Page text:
The former chairman of the United States Federal Reserve topped the first Power 100 list in 2010. Here, Worth looks back at his path to power, the power play that landed him in the top spot and where he is now.
WHAT WE SAID THEN
Path to Power: A graduate of Harvard College, Bernanke earned his economics PhD from MIT and taught at Princeton for some 20 years—he specialized in the causes of the Great Depression—before becoming a member of the Fed board of governors in 2002. In 2005, he became chair of George W. Bush’s Council of Economic Advisers, and in January 2006 Bush appointed him Fed chair. Amidst debate over the Fed’s role during the crisis of 2008, his 2009 re-nomination by Barack Obama led to a contentious Senate confirmation vote of 70-30.
Power Play: Ben Bernanke is the most powerful financial figure in the United States, and for the immediate future anyway, that means he is the most powerful financial figure in the world. So it is not surprising that debates and concerns over his power have been growing. His response to the economic crisis has been marked by aggressive intervention in the financial system—with the singular exception of allowing Lehman Brothers to fail—unprecedented growth in the power of the Fed (already the country’s most powerful yet least democratic institution) and controversy over both of those trends. Bernanke has orchestrated moves to save or stabilize financial institutions such as Bear Stearns, AIG and Fannie Mae and Freddie Mac; endorsed the TARP bank-bailout; cut interest rates and pledged to keep them at current rock-bottom levels for an “extended period;” supported stimulus spending to jumpstart the economy, and committed the Fed to massive purchases of long-term debt. Recently he warned that the economy was entering a period of “unusual uncertainty,” a phrase that may also suggest how Americans feel about Bernanke’s performance in the most powerful financial job in the world.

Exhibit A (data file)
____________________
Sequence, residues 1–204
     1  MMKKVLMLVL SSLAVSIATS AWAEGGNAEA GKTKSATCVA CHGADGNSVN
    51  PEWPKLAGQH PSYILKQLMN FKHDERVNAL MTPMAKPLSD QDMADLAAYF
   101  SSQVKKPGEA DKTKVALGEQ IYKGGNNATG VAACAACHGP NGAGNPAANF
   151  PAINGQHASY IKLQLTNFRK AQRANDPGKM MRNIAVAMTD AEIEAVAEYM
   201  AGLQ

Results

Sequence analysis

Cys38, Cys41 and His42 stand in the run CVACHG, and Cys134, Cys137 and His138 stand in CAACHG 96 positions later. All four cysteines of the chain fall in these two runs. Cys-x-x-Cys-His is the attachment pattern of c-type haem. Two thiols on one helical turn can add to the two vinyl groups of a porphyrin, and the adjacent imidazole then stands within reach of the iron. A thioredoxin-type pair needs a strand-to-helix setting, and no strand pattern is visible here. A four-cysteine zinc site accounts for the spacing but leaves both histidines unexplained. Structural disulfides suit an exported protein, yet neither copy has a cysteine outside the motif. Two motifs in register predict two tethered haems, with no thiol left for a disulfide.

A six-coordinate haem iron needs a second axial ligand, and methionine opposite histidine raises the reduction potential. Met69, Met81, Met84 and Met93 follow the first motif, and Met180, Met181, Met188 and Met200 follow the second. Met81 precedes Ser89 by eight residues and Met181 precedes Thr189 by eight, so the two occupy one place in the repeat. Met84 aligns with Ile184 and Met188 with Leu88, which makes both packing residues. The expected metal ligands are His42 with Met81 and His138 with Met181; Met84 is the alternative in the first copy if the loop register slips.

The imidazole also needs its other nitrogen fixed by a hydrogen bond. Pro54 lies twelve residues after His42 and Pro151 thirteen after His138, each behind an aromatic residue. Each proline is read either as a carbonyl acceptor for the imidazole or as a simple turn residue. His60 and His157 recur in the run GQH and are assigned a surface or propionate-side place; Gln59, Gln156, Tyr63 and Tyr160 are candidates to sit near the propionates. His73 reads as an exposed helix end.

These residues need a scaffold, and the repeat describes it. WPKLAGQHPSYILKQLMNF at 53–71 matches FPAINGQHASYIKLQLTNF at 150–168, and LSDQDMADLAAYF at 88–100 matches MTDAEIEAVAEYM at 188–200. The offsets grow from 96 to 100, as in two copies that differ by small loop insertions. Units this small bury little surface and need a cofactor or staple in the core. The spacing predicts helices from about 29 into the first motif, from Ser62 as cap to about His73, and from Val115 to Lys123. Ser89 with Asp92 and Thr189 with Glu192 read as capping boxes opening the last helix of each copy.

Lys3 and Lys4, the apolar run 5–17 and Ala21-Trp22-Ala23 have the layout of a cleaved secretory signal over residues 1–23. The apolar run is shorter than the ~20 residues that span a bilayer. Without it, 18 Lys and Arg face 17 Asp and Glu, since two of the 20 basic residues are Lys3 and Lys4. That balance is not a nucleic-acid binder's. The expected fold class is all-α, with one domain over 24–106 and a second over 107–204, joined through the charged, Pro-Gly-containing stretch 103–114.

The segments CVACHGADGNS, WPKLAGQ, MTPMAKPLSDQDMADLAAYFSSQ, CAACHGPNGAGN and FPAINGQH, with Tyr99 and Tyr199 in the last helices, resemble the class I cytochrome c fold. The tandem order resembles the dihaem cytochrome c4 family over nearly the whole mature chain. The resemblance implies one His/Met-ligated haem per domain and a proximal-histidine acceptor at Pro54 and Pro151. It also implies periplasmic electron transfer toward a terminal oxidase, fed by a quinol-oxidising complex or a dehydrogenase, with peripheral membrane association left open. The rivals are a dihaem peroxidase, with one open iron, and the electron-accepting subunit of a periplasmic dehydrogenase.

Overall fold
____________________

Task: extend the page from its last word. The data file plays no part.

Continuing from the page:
WHERE BERNANKE IS NOW
Since leaving the Fed in 2014, Bernanke has become our best witness to exactly what happened during the Great Recession. He became a distinguished fellow at the Brookings Institution, where he writes a blog on economics, finance and policy. In 2015, he published a memoir, The Courage to Act: A Memoir of a Crisis and Its Aftermath. And in April of this year, his Firefighting: The Financial Crisis and Its Lessons, coauthored with former Treasury secretaries Henry Paulson and Tim Geithner, was released, providing a front-seat view of the economic crisis of 2008.